ALBUM REVIEW: Anti-Flag – 20/20 Vision

Release Date: January 17th 2020
Label: Spinefarm Records


With their twelfth album, Anti-Flag are back with ’20/20 Vision’. The artwork features the band’s logo plastered over a blurred-looking Donald Trump, and if you know anything about Anti-Flag, this will come as no surprise.

The last few years across the world have given bands such as Anti-Flag a great deal to work with thematically, though on a musical level you shouldn’t really expect many risks or left-turns.

Opening with a sample of the infamous Trump speech about wanting to shut down protesters just like in the “good old days”, this should let you know what you’re in for. But songs like ‘It Went Off Like A Bomb’Rise Against have covered similar musical ground and lyrical themes over the years, but to a much better degree.

They don’t help themselves with the lyrics, either. The trite ‘Christian Nationalist’ rhymes “the likes of you” with “the likes of you”, and the chorus feels like they opened a thesaurus to find out what rhymes with ‘nationalist’. Lyrics like “You have a sickness and we are the disease” also fall flat… yeah, take that, evil Republican overlords. You’re clearly going to die in your thousands from Anti-Flag-itis.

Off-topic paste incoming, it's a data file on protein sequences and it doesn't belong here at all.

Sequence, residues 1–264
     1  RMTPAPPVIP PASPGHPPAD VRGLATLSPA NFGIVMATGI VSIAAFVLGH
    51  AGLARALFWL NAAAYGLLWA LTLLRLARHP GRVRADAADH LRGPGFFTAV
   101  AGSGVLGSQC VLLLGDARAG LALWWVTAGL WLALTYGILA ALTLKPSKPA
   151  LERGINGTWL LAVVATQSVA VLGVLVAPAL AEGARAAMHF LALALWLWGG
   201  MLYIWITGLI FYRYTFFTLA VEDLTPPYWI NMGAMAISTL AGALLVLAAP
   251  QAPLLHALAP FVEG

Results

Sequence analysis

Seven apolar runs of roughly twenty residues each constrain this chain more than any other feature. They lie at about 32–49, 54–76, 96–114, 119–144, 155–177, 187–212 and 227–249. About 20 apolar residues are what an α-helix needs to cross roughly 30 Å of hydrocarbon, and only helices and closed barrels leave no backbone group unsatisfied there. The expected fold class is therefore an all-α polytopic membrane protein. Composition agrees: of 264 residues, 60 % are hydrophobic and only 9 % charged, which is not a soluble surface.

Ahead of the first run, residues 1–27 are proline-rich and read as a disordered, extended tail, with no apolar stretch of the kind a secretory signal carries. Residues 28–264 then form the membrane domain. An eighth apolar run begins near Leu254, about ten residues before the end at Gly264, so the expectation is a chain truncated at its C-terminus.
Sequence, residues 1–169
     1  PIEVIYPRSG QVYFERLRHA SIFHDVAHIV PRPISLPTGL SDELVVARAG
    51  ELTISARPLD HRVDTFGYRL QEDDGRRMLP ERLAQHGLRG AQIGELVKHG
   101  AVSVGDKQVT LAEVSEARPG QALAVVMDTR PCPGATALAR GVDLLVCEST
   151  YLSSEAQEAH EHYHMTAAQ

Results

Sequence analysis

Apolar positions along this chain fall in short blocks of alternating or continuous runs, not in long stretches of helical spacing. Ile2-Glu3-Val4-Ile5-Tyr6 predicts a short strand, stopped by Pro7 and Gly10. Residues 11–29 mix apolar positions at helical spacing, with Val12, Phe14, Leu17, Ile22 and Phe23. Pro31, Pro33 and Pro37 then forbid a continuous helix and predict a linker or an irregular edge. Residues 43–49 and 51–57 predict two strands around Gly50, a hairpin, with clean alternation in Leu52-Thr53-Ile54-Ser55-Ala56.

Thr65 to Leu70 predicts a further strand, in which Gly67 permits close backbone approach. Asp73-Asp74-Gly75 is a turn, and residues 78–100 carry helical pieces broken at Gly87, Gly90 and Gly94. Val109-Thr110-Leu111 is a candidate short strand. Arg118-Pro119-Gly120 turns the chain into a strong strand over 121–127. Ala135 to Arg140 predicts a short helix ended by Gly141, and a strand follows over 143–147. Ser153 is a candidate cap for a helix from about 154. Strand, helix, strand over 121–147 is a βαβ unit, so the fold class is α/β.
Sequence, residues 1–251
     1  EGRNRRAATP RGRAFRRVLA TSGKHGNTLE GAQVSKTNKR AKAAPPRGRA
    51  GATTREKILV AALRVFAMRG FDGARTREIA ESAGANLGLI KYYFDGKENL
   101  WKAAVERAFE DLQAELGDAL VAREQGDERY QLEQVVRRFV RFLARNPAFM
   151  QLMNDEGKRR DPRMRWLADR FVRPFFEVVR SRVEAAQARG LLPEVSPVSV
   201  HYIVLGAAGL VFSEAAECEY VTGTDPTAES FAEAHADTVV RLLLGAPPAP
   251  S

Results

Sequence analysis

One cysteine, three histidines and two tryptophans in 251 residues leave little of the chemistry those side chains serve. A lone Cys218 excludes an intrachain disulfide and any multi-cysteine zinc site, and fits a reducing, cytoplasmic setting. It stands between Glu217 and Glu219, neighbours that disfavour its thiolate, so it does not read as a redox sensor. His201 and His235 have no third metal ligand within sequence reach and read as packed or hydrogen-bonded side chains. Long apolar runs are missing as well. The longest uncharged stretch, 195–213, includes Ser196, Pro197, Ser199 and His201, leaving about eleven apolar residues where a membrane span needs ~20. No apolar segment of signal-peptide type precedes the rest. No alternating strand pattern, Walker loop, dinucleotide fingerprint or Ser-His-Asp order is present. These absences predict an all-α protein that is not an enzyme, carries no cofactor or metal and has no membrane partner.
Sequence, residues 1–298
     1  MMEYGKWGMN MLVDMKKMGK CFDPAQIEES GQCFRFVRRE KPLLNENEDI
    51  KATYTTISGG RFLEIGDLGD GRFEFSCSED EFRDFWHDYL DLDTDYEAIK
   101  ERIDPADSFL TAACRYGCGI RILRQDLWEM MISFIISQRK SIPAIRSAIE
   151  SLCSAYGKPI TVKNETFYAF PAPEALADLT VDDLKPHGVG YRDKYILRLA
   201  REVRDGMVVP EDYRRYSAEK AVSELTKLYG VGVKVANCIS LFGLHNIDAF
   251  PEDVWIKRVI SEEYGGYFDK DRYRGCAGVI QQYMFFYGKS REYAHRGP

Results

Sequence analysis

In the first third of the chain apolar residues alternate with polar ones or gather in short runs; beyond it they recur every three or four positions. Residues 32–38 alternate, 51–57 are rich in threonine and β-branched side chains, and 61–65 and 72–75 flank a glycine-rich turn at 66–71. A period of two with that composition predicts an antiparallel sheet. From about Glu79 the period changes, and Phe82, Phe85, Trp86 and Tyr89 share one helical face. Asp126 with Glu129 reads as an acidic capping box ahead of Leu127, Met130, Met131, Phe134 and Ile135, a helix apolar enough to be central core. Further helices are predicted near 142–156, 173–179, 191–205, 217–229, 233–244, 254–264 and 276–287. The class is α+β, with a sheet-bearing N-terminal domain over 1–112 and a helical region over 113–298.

‘A Nation Sleeps’ is a little faster, with a double-time beat guiding the way. Bookended by a violin, this song is admittedly one of the better cuts.

But, with Justin Sane putting on one of the most cringe-worthy, forced-sounding sneers ever committed to tape for the intro of ‘You Make Me Sick’, you have to wonder who approved this. This song is a textbook example of a disparity between the intentions and the end product.

‘Un-American’ does goes into cheesy country-ballad territory, but this is much more lyrically ambiguous and insightful. The storytelling narrative of this song and its display of more subtle musical aspects definitely improves things.

When ‘Resistance Frequencies’ begins with feedback, it’s clearly meant to invoke some danger, but we’re bought down to earth with trumpets. No, thanks. It continues as functional as ever, and you’re pleased that they’re trying not to waste time, but you’re still checking how much longer this is going to last.

It’s a good thing that Anti-Flag have used their platform over the years to fight injustices, and if you were to judge this record purely on its intentions, it’d be far more glowing. Politicised punk rock should simply sound far more exciting than this on a musical level, though. If ’20/20 Vision’ is the soundtrack to the resistance, we may as well hold up a white flag.